Forming proportions or percentages, this problem can be removed. Percentages serve two purposes in data analysis. They simplify by reducing all numbers to a range from 0 to 100.
Second, they translate the data into standard form, with a base of 100, for relative comparison.
Caution must, however, be exercised in using percentages. Note that all percentage values must add to 100 (unless multiple responses are there). And percentage values cannot be averaged ordinarily.
Note that the variable ‘education level’ is a variable measured on an ordinal scale, for which we cannot go much beyond the type of analysis presented in the above table.
However, we can attempt to obtain a median, a measure of central tendency, since it is possible to rank the women according to their level of education.
The median category is the ‘no education’ category since on cumulating, 100/2=50th women belong to this category when arranged in enhanced education level.
Mode, another measure of central tendency, also has the same category in this particular case.
Graphical presentation of the data can also work well in the present instance to describe the data in hand. Pie and bar diagrams appear to be the best choices in this instance.
When quantitative data (interval or ratio) are at hand, other descriptive measures, such as mean, standard deviation, coefficient of variation, etc. in addition to median and mode, can be attempted in the purview of univariate analysis.
Consider the ‘Sex Workers’ data, where we have collected such data as age, height, weight, income, and BMI.
We can compute mean, median, and mode for each of these variables directly from the raw data either by a calculator or by a computer using SPSS.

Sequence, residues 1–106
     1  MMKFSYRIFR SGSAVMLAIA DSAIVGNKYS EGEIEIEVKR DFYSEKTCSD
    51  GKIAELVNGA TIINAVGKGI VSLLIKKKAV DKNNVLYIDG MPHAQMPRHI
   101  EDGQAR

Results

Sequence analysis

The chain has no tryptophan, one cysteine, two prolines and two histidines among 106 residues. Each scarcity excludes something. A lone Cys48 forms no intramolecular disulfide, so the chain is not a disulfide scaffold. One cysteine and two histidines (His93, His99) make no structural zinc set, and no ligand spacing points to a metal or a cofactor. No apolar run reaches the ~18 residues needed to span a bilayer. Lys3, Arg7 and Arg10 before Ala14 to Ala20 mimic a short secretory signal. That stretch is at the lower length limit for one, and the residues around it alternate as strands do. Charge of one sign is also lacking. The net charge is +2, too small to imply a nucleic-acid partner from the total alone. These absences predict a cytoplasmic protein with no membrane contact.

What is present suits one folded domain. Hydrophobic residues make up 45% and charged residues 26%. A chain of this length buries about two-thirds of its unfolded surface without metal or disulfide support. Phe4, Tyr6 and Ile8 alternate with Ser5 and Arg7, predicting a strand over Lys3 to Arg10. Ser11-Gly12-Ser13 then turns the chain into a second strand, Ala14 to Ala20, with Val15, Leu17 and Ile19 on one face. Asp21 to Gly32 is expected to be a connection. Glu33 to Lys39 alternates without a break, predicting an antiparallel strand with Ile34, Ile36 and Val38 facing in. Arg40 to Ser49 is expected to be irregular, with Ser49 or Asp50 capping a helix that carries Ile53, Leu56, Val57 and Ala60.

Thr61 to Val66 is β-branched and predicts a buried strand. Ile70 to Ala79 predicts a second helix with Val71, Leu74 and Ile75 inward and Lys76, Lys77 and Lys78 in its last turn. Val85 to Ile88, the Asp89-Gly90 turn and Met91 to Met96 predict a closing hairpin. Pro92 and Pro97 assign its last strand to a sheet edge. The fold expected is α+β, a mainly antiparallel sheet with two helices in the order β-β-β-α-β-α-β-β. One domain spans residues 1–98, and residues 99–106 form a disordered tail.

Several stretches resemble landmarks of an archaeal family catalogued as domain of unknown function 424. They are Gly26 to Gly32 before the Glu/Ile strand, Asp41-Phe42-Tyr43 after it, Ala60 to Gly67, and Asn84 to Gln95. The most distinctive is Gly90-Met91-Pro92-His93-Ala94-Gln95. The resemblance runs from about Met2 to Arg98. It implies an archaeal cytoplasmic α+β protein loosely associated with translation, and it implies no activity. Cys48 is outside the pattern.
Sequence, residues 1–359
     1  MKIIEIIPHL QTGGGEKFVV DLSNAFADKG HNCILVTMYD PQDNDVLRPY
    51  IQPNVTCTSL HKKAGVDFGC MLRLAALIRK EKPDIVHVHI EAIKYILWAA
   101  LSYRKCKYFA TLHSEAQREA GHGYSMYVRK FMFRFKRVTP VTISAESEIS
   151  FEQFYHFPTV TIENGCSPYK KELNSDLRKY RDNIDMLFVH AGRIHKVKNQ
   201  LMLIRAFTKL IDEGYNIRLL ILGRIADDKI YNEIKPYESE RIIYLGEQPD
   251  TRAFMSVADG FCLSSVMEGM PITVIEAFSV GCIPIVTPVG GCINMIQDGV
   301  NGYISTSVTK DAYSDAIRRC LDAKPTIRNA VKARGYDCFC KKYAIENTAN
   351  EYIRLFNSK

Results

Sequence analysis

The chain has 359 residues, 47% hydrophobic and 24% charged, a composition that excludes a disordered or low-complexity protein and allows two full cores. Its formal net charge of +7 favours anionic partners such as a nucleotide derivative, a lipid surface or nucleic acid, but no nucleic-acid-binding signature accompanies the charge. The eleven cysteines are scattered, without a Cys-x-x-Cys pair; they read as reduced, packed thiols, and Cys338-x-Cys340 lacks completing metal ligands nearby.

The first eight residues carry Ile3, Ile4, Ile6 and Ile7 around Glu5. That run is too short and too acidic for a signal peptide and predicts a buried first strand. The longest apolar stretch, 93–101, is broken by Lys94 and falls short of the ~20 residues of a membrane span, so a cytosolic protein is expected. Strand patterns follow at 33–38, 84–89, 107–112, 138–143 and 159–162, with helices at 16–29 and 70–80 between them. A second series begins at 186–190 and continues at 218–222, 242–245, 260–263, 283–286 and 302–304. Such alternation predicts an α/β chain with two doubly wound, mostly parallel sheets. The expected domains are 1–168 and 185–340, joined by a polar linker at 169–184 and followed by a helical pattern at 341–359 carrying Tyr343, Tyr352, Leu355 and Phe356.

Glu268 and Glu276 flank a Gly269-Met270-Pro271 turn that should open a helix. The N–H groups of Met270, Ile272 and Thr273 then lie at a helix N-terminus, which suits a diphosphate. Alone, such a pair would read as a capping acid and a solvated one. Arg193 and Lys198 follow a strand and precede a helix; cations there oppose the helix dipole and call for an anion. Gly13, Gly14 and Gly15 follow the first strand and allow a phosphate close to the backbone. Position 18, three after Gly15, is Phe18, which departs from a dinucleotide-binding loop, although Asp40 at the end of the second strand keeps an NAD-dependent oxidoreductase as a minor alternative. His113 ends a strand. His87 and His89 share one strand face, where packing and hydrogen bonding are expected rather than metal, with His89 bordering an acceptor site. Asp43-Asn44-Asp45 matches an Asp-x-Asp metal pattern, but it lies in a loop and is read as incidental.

These statistics, however, do not tell much about the data unless we analyze them from a comparative perspective.
The above estimates have been made from two single-variate separate distributions: those of the brothel-based sex workers and street sexworkers.
The standard deviation gives the average distance or variability of individual measurement observations from the group mean.
Other measures of variability are range, quartile deviation, and coefficient of variation. Do the two groups of sex-workers differ significantly concerning their age, income, etc.?
To answer this question, one can perform the ‘equality of two-mean test’ to assess if the differences are significant.
Bivariate presentation places two variables together in a single table in such a manner that these interrelationships can be examined. The table may be based on two nominal scaled variables, two ratio level variables, or any combination of them.
Such tables are called bivariate tables or cross tables. Crosstables based on numerical data (interval or ratio) are sometimes called correlation tables. Tables that are constructed solely based on nominal data are called contingency tables.
By tradition and convention, one variable called the column variable is usually labeled across the top so that its categories form columns vertically down the page.
The second variable or row variable is labeled on the left margin with its categories forming the row horizontally across the page.
Since it is always possible to interchange the rows and columns of any table, general rules about when to use row and column percentages cannot be given. It is, however, generally advisable to percentage along with the independent variable.
If the independent variable is the row variable, select the row percentages; if the independent variable is the column variable, select column percentages.